It was supposed to be the turning point in our response to violent Islamism. This week marks six years since more than a million people marched through the streets of Paris waving “Je Suis Charlie” placards in a show of defiance, echoed across the world, against the slaughter of satirists by a pair of jihadist brothers.
Today, with most Western countries reverting to type and responding to jihadist terror with obscurantism and denial, it looks like far fewer people were Charlie than was actually claimed. Not so in France, though, which is more or less united behind President Macron’s decision to confront the country’s domestic Islamist movement. In one poll at the end of last year, a staggering 79% of French citizens agreed that “Islamism has declared war on the Republic”.
To his critics, Macron’s hard line was a cynical manoeuvre designed to reduce the electoral threat to his right posed by Marine Le Pen and National Rally. But such a claim ignores the threat that Islamism does pose to France. It is also to misread who is directing the country’s conversation on extremism. For the truth is that the impetus behind France’s skirmish with Islamism doesn’t come from the Right, but from the Left.
This shift did not happen overnight. Way back in 2002, the left-wing feminist collective Ni Putes Ni Soumises (Neither Whores Nor Submissives) was founded following a series of high-profile organised gang rapes known as tournantes – or “pass-arounds”. They soon became vocal advocates against escalating misogyny and violence against women. But they were particularly concerned with the French authorities’ empowerment of Islamist and Salafist groups to tackle the social ills of drugs and crime, which to the feminists culminated in an Islamist culture of sexual repression, misogyny and extremism.
This was famously attempted in the commune of Trappes, some 30km from Paris, where the Salafist community was enlisted to steer young members away from criminality and delinquency. One resident gushingly described how “mothers saw their children return to religious practice. It was a relief.” By 2013, however, it became starkly clear that this experiment in activist Salafism had all but failed. Trappes was seized by religious rioting and the commune set an ignominious national record in sending 80 jihadist recruits to Syria. At the time, Ni Putes was denounced for being “Islamophobic”. But, if anything, the riots acted as a vindication of their warning.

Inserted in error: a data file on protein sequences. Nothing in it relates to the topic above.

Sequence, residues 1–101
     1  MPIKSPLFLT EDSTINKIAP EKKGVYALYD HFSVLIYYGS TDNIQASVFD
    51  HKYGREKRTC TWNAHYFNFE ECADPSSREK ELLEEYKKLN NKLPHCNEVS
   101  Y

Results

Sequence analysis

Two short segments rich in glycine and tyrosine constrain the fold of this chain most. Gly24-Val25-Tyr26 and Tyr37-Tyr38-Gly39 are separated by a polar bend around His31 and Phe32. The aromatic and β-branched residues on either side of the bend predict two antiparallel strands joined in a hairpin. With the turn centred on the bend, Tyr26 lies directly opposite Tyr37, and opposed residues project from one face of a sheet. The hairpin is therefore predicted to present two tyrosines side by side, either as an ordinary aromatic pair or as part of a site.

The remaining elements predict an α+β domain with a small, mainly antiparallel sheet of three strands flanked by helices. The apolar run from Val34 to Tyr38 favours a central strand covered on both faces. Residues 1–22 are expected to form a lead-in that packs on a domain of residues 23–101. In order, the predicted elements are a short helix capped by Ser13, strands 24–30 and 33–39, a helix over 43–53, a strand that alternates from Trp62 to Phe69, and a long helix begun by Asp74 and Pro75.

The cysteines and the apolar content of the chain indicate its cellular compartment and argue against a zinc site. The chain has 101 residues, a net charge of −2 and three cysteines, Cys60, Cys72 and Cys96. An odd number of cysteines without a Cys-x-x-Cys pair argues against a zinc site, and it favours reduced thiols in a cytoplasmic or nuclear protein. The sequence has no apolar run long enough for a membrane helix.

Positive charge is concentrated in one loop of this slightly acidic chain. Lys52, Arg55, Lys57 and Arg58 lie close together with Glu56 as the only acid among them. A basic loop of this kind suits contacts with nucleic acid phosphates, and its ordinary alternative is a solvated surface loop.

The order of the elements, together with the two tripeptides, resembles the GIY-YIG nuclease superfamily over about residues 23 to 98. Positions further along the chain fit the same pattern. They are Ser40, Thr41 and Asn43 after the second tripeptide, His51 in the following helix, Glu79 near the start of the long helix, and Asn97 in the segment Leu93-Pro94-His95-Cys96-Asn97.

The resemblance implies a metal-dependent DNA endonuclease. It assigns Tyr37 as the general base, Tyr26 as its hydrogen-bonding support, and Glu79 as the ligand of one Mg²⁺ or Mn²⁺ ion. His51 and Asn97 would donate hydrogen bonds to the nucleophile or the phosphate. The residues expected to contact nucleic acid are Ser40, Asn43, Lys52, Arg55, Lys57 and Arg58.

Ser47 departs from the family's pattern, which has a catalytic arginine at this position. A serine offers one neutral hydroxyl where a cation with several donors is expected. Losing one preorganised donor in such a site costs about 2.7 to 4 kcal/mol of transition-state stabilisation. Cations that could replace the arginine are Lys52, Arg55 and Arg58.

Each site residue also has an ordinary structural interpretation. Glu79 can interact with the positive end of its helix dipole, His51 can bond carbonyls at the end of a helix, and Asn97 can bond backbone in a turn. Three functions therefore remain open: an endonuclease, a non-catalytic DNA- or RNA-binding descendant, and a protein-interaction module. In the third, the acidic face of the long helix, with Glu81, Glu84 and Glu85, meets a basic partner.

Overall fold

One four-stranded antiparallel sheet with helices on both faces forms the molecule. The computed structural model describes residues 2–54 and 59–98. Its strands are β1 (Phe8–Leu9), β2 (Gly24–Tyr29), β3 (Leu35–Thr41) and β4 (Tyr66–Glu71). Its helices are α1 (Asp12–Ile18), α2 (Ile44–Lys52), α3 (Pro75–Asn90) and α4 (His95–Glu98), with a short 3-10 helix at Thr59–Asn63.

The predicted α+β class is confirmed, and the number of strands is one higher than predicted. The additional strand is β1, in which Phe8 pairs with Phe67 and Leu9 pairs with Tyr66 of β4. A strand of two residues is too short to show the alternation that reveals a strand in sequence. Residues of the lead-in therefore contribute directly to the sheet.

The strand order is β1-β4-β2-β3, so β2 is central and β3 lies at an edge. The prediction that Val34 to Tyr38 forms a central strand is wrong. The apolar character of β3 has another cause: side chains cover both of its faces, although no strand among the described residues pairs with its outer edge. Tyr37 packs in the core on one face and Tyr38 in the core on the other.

Yet Ni Putes was hardly an isolated example, a fringe outlier on the peripheries of French debate. In the same year as its launch, a collection of essays titled Les Territoires Perdus de la Republique, or The Lost Territories of the Republic, was published, which warned of rising antisemitism and radicalisation among second and third generation Muslims. In the book, a number of schoolteachers – those tasked not just with imparting knowledge, but the values of the Republic – pointed out that classrooms were disintegrating along ethnic and religious lines, that the ideals of secularism and universalism were facing an unprecedented challenge.
That isn’t to say that the teachers’ sense of urgency — or that of Ni Putes — was widely shared on the Left, or even the centre. In fact, as late as 2014, national discussion surrounding Islamism was still, to an extent, plagued by cringe-inducing naivety. In April of that year, journalist David Thomson appeared on a typically French news programme to assess the steady exodus of jihadist recruits to ISIS’s nightmarish project in Iraq and Syria. Thomson, who by this point had interviewed dozens of French jihadis, calmly explained that that French jihadis see France as a legitimate target, as an “enemy of Allah”.
For this now painfully obvious insight, Thomson was humiliated on national television. Facing the indignation of seven panellists and a presenter, the journalist – barely allowed to finish a sentence – was accused of “populism” and “stigmatising” French Muslims, while other guests drew comparisons between ISIS recruits and the anti-fascist volunteers of the Spanish Civil War. Of course, France was a target. And an honest attempt to understand Islamism and its militant jihadi offshoots would have made this clear. As one anonymous imprisoned jihadi made clear recently: “France is a symbol, an enemy. If you can push it into a civil war, if you’re able to make France lose its strength, its social contract, then you will have an open door to a victory in Europe.”